I had the privilege of connecting with some talented and passionate Recollections customers last year. One of these women, Sarah Mognoni, gave me the opportunity to continue my research into the ongoing effort to preserve the history of sidesaddle. Sarah informed me that the American Side Saddle Association was doing a ride through Gettysburg as part of the annual Gettysburg Remembrance Days in November. I couldn’t wait to find out more!
I had the chance to connect with the ASA’s current president, Maggie Herlensky late last year to learn more about their ride and what she is doing with the organization. Sidesaddle riding is alive and well and it is so exciting for me to continue to learn more about the culture and community.
Are you a sidesaddle rider or interested in the topic? Comment below!
Recollections: Hi Maggie! What is your role with the American Sidesaddle Association and how long have you been involved?
Maggie: I am currently president of the American Sidesaddle Association and am a founding member since it was formed in 2008. I am also president of my regional ASA chapter, Southern Ohio Ladies Aside.
Recollections: When and how did you start side saddle riding?
Maggie: My parents bought me an antique sidesaddle at a swap meet in 1983. I learned to ride aside mostly through trial and error.
Recollections: Why was it important for you to ride in Gettysburg with the association this year?
Maggie: I rarely pass up a chance to ride in a parade and since I love history, it seemed like a good idea. My first Remembrance Day Parade was in 2017. Each year I try to improve my historic impression. I’ve made most of my clothing, as well as clothes for my fiance’, his granddaughter, and several friends. I enjoy learning about history, especially the hallowed ground of Gettysburg. I have a photograph of one of my ancestors from the Civil War era and I resemble her, so it just feels like time travel. Two ancestors fought with Sherman in Georgia. Although none that I’ve found were at Gettysburg, I do enjoy going and remembering those who died.
Recollections: Can you tell me about the route you took and its significance?
Maggie: The parade route started at the Gettysburg Middle School and wound through downtown, then out Steinwehr Avenue. It is an amazing experience. Much of the crowd was in period clothing. Many of the buildings we rode past saw the fighting and bore the scars of bullets and cannon fire. During the battle, one side of the street was controlled by the north and the other by the south.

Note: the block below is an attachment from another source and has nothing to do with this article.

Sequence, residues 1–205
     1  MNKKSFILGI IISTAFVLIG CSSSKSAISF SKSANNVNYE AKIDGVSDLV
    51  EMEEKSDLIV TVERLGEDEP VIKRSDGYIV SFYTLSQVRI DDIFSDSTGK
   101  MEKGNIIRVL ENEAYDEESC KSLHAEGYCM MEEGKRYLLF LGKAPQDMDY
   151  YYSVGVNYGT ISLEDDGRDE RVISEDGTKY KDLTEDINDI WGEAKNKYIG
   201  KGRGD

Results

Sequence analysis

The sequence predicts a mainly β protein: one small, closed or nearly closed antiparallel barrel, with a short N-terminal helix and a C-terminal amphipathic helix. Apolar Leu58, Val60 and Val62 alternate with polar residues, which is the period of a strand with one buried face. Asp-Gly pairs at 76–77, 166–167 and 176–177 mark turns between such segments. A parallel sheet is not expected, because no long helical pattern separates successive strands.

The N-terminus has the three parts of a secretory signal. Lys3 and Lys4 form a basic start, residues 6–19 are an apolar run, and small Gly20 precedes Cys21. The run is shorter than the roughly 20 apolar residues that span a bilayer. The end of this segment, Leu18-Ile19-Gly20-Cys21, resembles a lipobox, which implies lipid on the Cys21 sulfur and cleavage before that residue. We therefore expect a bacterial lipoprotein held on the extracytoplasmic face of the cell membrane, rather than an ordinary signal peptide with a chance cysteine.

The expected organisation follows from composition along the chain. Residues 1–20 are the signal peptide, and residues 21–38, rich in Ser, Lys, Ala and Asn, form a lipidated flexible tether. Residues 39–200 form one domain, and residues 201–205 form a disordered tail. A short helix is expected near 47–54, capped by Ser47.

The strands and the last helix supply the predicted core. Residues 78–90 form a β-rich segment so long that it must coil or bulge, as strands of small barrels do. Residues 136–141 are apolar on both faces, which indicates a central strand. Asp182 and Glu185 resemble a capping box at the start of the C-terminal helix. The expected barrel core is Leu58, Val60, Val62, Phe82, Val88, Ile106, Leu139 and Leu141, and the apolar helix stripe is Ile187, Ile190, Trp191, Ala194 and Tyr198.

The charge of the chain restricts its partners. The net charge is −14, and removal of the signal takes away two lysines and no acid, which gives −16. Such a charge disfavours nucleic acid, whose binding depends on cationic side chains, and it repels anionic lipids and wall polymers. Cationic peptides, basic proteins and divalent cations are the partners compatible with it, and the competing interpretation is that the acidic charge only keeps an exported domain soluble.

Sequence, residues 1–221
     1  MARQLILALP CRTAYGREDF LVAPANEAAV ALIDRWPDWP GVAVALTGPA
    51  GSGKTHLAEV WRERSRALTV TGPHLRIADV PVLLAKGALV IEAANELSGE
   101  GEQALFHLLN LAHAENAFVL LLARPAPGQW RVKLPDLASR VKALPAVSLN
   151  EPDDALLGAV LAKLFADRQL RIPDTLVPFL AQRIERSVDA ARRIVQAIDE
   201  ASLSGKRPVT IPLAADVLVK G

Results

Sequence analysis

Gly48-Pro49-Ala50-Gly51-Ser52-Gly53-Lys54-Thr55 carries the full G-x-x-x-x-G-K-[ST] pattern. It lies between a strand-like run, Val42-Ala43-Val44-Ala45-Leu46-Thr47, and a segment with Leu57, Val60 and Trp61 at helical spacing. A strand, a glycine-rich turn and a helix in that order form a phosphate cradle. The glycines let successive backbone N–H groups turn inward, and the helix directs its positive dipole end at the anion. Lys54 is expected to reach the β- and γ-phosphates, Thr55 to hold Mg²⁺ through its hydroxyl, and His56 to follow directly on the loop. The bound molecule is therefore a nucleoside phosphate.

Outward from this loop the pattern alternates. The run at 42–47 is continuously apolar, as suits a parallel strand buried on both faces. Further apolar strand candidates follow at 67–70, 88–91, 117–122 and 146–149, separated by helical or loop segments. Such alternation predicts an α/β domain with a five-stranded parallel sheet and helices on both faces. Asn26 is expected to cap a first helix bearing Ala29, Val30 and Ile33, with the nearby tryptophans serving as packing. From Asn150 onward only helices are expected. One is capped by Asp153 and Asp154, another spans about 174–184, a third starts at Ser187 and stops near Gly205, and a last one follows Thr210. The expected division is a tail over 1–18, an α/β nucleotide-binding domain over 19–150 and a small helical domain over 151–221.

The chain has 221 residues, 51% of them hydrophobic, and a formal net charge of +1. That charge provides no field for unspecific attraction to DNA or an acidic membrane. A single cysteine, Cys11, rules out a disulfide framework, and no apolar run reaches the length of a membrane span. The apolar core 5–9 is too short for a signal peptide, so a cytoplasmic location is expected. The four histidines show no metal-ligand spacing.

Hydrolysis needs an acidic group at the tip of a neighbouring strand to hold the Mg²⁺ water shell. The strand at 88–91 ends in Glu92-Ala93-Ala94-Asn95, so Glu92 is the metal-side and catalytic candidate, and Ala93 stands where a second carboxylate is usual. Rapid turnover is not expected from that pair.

It was an eerie feeling that where we were had been was the heat of the battle in July 1863. The parade ended at the edge of the Gettysburg Battlefield National Park, where the crowd of mostly reenactors were gathering for the ceremony honoring the dead and the immortal words of Abraham Lincoln.
Recollections: What was your favorite thing about the ride?
Maggie: Getting to spend the day with wonderful friends and great horses. We had 9 off-track standardbreds in the group. Two were fairly recently obtained by a rescue and had never been in a parade before. We also had two standardbred crosses, a thoroughbred, an arabian, a half-arabian, an Icelandic, and two ponies. Horses and riders came from Wisconsin, Ohio, West Virginia, Virginia, New Jersey, New York, and Maine. Our youngest rider was 8 years old and our oldest was 74. It was a first Remembrance Day Parade for several of our riders. All of us had spent months getting ready by sewing historical clothing and desensitizing horses to the strange things that can happen in parades.
Recollections: What does 2023 have in store for the American Side Saddle Association?
Maggie: We have many events planned, including the Kentucky Derby Festival Parade, several equine trade shows, showing off sidesaddle at Germantown Charity Horse Show, West Virginia Strawberry Festival, Delaware Ohio All Horse Parade, and sidesaddle clinics around the country.
Want to learn more? Check out these links:
American Sidesaddle Association
American Sidesaddle Association Facebook page
Marybeth Walker: Keeping the tradition of side-saddle alive
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